I didn’t expect to get pregnant during a global pandemic, and I certainly didn’t expect to feel so isolated and lonely throughout the entire process. I have found no comfort or insight in pregnancy books, as so many are simply fantasy reads in today’s world. And despite how much excitement and enthusiasm there is for the COVID vaccines, since research hasn’t been conducted yet on pregnant folks — brave subjects are giving their bodies to this research now, for which I’m exceptionally grateful — I’m not, as I don’t want to do anything to my body until my baby is no longer dependent upon it.
When my daughter is born in April, she’ll be meeting very few people. She’ll know myself, my husband, and my mother. Perhaps she’ll meet another person or two, but for the sake of my own mental health and the sake of both our physical health, keeping her away from other people who aren’t immediate family or household members is essential. I’m hopeful that we can take walks through the local farmer’s market in the summer safely and know we’ll find ways to wander the incredible swaths of parks and preserves in the local area.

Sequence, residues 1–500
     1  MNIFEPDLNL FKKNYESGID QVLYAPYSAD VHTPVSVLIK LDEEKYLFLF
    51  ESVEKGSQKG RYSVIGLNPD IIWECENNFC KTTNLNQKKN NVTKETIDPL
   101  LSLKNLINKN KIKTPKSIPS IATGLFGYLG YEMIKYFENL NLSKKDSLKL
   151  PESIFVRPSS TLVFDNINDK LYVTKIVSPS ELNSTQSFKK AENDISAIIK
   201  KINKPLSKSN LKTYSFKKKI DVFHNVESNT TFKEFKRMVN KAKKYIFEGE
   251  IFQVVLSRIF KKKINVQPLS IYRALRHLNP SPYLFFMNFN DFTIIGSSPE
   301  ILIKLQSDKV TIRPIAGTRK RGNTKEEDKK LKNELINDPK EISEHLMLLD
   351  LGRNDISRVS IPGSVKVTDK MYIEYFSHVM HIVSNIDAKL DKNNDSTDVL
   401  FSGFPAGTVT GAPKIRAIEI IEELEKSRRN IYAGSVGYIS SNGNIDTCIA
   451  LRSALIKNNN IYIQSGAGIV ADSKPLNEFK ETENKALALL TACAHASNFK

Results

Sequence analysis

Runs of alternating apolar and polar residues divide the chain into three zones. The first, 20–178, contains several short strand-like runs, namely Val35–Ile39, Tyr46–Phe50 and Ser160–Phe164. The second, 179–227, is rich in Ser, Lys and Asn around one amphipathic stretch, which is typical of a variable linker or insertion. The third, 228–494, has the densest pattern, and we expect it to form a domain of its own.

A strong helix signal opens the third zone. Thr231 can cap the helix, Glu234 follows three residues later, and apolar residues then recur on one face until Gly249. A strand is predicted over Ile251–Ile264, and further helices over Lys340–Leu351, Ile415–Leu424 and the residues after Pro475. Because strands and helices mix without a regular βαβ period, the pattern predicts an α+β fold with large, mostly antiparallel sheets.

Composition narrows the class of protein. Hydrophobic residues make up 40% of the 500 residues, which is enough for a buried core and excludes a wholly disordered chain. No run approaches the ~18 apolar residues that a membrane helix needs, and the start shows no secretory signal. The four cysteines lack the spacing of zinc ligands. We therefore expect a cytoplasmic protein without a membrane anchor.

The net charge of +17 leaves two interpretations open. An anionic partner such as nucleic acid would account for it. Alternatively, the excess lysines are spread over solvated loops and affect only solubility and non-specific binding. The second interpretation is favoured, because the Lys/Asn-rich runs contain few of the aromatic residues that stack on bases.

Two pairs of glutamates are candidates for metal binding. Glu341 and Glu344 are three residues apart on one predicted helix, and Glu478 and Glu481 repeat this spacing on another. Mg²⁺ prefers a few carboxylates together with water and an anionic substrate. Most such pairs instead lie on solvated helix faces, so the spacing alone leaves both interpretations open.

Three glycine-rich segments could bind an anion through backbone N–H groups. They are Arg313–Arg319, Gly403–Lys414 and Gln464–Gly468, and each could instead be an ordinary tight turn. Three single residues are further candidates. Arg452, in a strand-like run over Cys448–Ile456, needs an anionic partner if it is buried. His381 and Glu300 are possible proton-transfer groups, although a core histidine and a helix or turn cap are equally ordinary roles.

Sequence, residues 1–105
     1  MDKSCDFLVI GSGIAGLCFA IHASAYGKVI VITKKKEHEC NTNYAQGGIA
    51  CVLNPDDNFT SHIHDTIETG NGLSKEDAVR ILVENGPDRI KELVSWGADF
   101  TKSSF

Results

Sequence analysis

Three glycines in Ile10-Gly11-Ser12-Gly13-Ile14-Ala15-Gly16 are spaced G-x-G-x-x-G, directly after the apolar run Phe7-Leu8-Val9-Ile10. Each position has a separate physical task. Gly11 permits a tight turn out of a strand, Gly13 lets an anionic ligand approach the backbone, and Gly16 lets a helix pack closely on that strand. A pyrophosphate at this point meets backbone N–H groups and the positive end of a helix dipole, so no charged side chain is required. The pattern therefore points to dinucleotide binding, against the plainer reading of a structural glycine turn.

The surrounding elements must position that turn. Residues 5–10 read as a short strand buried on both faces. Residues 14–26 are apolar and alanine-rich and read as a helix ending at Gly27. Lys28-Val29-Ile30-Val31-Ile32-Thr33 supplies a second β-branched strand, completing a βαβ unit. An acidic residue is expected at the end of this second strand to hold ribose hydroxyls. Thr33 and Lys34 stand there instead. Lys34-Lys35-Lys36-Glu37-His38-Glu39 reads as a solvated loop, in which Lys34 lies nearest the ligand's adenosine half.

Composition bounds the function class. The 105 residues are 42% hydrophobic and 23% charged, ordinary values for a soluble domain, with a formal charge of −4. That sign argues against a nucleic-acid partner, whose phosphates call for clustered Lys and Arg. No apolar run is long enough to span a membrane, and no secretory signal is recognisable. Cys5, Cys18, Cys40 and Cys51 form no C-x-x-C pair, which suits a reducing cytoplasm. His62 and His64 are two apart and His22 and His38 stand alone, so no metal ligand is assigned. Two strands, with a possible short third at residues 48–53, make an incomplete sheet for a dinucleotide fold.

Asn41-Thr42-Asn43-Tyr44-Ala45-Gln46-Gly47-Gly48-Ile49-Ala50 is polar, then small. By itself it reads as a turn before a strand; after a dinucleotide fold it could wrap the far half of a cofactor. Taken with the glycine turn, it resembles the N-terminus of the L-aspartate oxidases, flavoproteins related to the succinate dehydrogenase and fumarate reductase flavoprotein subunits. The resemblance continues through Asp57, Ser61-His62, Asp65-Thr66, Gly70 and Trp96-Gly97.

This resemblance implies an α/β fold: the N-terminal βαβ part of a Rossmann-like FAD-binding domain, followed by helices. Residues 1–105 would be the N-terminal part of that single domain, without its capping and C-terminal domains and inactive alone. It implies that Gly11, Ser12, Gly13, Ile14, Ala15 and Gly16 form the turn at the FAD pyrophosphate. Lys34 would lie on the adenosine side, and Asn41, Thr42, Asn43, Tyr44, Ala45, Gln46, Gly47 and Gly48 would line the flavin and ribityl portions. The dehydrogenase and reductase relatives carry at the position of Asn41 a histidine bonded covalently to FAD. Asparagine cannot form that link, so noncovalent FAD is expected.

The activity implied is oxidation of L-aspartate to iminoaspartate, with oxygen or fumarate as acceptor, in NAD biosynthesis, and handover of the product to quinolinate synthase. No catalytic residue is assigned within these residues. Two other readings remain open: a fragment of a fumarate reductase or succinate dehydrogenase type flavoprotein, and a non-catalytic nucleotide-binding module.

My early career was as a youth librarian. Though my training and focus was always in teen services, the reality of small town librarianship is that sometimes you’re overseeing a much larger age group than the one with which you’re most comfortable. I was never a big storytime person, nor was I especially fond of babies or toddlers. Preschoolers, middle schoolers, and high schoolers, on the other hand, were my jam.